- Avoid napping after your evening meal. Do something else, stay awake and sleep longer, later.
- Have a relaxing, hot bath before bed. Indulge yourself with books, chill out music, candles if necessary.
- If you're in bed without sleep for 30 minutes get up and do something else until you feel sleepy enough to return. Maybe best to avoid work related activities at this time.
- Turn off the computer or TV. Sometimes I have found listening to radio discussions or audiobooks (not music) helps me to sleep. The less interesting the more likely you will sleep. Remove the laptop and TV from your bedroom.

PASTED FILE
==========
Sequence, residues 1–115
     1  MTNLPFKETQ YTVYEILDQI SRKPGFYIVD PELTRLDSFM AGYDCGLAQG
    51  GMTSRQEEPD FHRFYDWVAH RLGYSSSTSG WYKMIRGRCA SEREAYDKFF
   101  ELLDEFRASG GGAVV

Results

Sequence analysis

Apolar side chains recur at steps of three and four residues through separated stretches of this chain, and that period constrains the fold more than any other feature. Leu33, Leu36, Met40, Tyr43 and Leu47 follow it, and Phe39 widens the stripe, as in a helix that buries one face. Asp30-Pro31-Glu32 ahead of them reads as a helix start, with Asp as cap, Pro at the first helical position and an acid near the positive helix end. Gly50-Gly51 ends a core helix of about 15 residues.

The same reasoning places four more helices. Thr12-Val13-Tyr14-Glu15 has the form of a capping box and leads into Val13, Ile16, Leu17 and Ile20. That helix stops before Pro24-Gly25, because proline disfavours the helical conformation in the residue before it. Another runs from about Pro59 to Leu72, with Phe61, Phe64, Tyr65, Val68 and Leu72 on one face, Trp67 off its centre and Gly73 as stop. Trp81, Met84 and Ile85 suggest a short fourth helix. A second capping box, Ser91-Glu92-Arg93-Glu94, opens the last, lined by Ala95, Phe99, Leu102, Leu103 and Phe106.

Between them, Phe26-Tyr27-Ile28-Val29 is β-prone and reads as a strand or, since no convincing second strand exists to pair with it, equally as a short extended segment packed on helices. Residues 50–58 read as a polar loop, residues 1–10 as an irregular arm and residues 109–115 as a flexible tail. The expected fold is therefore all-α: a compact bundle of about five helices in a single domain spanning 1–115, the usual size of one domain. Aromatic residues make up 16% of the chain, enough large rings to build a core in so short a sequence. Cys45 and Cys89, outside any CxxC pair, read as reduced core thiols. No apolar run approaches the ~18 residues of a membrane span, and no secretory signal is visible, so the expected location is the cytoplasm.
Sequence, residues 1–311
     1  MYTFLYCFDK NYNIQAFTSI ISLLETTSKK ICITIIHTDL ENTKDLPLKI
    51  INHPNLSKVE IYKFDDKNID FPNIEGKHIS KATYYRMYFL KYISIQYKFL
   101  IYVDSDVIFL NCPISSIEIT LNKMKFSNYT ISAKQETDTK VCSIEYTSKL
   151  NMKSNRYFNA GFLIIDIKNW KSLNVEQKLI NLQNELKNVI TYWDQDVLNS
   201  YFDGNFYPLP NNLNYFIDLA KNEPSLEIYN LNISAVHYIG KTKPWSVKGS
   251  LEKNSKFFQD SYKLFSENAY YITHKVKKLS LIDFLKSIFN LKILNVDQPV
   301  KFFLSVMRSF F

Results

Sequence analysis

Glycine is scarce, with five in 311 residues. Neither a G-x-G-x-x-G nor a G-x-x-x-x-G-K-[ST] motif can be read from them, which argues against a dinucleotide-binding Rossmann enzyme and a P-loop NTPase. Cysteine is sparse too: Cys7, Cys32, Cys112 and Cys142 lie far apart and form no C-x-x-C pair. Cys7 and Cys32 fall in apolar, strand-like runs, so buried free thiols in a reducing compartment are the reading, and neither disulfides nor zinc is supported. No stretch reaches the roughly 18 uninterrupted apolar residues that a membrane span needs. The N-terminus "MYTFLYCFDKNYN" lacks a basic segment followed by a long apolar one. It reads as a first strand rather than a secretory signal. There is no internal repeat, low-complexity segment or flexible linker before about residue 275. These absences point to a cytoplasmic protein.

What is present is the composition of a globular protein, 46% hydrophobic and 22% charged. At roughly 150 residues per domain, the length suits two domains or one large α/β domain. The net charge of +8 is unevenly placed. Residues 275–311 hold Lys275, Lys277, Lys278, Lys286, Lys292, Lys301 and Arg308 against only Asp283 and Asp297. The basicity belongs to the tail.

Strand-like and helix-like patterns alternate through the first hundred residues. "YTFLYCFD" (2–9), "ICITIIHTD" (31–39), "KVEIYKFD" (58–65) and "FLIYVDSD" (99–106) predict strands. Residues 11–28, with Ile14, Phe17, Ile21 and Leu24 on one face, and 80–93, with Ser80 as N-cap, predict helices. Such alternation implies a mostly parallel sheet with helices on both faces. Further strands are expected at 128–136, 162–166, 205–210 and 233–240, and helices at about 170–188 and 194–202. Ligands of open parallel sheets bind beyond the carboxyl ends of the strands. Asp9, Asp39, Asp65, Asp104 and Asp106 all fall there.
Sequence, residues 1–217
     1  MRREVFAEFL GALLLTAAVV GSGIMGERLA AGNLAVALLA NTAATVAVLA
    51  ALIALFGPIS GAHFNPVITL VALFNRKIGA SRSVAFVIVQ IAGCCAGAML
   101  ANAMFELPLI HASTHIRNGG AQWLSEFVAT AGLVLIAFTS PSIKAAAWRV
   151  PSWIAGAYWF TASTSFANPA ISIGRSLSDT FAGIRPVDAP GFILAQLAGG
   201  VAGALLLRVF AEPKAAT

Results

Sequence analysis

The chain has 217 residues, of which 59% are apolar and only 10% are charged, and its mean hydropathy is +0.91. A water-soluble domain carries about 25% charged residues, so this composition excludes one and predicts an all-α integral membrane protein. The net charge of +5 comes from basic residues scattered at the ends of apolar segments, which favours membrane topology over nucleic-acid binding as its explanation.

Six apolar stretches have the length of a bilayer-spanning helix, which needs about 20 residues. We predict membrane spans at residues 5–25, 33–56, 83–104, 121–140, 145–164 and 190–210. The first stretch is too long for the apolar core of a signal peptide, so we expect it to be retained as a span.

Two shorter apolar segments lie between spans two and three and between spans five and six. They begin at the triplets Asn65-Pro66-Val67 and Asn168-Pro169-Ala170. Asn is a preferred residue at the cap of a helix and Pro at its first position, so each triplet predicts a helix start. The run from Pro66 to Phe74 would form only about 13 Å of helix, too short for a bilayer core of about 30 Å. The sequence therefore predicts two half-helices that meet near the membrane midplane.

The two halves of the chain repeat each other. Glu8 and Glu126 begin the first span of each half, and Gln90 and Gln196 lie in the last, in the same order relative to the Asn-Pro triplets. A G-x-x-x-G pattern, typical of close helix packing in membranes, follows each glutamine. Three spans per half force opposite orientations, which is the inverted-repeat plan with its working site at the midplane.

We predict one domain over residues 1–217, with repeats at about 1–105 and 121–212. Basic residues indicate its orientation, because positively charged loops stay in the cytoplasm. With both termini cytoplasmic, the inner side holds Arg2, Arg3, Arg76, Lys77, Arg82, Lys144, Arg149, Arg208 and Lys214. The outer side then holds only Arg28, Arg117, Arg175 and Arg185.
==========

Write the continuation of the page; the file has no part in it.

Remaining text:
- Practice a relaxation technique before going to bed and/or when in it.
- Sit and meditate before going to bed.
- Be prepared to seek out specialist (like CBT - cognitive behavioural therapy, hypnotherapy) or medical advice if you become concerned about your lack of sleep. I recommend doing your own research first.
- Shortly after awaking go outside into the sunlight for a few minutes or longer if you can (people in the northern hemisphere will prefer this during the spring and summer months).
Finally, to ensure you get a good nights sleep here is a link to 40 facts about sleeping. Yawn.
Have you experienced any sleep disorders? What have you done to return to normal sleep?
Thanks for reading and not nodding off.